The group is putting together a database describing their roles as teachers, supervisors, co-investigators and mentors who oversee surgeons in training and provide expert evaluation of the relevant research questions raised by clinicians. This database will be extremely helpful to surgeon scientists in the Clinician Investigator Program of the Institute of Medical Scientists to help them choose their advisors and mentors. The twelve surgical residents per year who enter the Surgeon Scientist Program spend 2-5 years in scholarly work mentored by surgeons and scientists. They find their way to these positions in an informal and unstructured way. This could be greatly improved by a well-organized website presenting the opportunities and options for surgeon scientists as well as faculty. It will be helpful to the NCS faculty to participate in the orderly and effective programs of the Department of Surgery such as the Memoranda of Agreement, the annual reviews, and the CV Program, all of which are applied to clinical faculty to help with their promotion and personal life. Andras hopes to organize a mentoring system for new principal investigators and clinicians who wish to start their own laboratories in their development as professional researchers. By creating a collaborative web of committed scientists, the mechanisms for learning, the administration and organization of laboratories, securing research funding, collaboration, and addressing issues in publication, intellectual property and patenting, will be strengthened. While some few clinical surgeons manage two careers as solid basic scientists as well as clinicians, most rely heavily on non-clinician scientists. Their role should be more clearly defined and their contribution should be recognized -- not simply as helpers but as co-supervisors and collaborators. The review process of the productivity of the NCS group will be facilitated by participation in the University Department of Surgery reviews. This will provide an objective review somewhat outside the requirements of individual research institutes and laboratories. This may help to correct problems that sometimes develop, such as reduction in laboratory space or expected infrastructure support. Ideally a Department of Surgery representative would serve on the Research Institute Review Committee and guidelines can be developed to assure the success of the NCS in the same way that Memoranda of Agreement assure that the commitments to clinical surgeons are met in order to assure their success following recruitment.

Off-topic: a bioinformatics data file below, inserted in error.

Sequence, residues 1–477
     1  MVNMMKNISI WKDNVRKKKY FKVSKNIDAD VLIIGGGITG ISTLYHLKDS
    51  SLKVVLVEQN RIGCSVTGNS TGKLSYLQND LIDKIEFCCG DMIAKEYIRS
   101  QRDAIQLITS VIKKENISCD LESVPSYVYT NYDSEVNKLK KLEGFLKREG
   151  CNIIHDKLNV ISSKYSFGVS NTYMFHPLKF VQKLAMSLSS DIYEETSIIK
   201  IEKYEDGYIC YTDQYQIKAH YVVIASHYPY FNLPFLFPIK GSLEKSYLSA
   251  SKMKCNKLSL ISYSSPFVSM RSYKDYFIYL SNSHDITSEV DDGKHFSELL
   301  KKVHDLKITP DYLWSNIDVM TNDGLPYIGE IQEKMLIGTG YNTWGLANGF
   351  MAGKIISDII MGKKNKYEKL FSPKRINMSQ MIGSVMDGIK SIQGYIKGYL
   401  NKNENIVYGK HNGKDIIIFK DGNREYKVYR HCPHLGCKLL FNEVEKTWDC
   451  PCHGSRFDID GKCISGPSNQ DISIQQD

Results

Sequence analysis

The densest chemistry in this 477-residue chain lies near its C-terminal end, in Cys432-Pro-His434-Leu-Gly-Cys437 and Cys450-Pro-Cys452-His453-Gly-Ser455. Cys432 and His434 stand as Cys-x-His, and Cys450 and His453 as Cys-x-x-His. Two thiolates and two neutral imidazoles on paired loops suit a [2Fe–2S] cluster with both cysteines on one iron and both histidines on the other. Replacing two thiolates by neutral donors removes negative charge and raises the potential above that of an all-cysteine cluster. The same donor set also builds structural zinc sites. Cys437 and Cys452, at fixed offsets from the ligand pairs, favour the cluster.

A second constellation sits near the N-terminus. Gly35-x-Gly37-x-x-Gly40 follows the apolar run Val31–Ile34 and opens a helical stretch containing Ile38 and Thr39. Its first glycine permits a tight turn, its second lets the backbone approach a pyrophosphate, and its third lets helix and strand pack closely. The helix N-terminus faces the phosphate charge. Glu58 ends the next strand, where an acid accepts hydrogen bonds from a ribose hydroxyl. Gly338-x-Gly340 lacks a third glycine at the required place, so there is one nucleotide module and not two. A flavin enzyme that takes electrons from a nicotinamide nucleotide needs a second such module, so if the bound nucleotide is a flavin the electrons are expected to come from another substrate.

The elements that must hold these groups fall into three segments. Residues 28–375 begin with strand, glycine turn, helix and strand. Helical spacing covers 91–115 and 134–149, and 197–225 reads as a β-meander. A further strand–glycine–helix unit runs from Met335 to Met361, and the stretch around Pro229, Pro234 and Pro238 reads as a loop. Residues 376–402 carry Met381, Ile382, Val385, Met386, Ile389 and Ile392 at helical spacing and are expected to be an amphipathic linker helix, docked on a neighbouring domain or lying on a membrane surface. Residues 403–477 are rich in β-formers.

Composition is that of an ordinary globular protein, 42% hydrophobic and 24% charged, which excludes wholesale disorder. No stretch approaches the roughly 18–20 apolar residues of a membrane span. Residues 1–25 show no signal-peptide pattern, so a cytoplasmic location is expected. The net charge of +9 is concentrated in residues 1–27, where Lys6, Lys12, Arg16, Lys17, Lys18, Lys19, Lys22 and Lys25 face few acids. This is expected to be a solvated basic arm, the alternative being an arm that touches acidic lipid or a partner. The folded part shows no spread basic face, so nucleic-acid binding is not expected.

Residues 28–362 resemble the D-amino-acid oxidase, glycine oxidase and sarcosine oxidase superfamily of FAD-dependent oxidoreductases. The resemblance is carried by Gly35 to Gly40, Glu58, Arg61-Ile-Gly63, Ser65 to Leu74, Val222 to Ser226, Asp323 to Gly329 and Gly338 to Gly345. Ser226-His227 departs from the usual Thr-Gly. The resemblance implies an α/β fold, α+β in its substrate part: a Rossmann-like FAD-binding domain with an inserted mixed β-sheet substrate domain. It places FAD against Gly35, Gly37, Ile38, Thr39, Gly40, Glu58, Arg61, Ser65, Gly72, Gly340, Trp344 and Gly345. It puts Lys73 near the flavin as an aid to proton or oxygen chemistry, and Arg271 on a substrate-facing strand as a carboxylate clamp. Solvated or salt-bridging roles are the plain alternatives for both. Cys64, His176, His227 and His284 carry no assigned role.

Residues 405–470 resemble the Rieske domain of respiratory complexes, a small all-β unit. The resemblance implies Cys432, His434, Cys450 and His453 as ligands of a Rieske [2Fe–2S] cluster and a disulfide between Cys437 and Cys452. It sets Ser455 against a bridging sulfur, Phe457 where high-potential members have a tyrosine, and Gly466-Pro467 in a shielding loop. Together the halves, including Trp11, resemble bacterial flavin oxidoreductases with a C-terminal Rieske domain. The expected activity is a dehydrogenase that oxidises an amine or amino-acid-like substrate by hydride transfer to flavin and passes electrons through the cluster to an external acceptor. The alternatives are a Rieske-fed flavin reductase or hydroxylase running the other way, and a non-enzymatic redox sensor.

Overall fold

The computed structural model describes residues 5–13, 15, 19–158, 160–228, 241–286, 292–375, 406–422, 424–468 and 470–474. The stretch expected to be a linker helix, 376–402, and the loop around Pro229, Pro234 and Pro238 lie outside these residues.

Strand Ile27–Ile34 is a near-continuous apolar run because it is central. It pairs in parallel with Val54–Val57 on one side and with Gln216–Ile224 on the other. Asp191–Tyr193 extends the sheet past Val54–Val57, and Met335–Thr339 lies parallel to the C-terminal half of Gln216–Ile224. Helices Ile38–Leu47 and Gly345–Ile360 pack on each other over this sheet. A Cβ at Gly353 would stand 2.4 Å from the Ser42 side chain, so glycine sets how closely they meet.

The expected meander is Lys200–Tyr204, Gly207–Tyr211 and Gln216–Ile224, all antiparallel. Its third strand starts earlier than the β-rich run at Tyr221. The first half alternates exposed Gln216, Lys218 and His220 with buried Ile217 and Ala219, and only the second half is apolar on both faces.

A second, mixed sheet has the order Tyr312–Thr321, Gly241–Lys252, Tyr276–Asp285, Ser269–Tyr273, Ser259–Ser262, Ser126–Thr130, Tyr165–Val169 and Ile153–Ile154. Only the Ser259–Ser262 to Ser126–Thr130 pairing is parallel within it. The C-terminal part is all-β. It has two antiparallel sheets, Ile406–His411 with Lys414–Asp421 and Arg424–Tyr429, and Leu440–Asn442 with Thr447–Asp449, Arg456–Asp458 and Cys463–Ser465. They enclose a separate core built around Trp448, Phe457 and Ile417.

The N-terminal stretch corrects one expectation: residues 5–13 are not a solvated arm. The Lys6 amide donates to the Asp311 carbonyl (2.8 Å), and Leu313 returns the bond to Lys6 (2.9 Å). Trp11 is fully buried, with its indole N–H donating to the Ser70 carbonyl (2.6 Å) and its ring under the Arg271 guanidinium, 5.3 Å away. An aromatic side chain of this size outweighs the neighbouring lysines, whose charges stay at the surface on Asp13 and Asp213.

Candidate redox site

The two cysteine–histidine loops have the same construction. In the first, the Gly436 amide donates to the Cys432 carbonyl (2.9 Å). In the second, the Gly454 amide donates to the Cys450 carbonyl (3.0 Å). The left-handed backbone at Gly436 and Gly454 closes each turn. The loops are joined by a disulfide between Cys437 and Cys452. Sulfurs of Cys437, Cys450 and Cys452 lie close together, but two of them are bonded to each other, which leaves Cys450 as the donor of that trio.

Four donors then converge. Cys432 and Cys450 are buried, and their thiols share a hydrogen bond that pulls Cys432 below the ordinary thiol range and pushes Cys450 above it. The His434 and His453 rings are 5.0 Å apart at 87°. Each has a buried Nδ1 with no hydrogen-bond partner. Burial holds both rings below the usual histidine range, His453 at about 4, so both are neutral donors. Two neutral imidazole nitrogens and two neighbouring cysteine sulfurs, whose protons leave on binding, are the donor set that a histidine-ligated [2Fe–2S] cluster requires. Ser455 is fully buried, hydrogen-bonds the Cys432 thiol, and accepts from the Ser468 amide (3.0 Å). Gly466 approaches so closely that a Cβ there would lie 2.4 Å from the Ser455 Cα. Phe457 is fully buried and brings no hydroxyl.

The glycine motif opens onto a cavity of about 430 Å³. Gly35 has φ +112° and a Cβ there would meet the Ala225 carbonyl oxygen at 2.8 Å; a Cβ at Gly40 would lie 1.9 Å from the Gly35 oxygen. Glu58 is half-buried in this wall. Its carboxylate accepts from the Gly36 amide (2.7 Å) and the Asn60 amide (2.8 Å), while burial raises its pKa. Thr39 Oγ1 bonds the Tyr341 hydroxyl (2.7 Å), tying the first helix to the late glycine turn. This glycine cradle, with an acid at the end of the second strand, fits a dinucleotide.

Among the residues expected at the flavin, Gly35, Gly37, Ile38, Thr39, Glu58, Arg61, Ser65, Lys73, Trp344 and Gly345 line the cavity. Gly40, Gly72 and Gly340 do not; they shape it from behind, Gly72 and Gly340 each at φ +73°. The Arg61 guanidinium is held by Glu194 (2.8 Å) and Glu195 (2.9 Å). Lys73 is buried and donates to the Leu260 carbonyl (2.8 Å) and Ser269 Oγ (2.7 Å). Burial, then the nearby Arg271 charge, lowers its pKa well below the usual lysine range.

Andras Kapus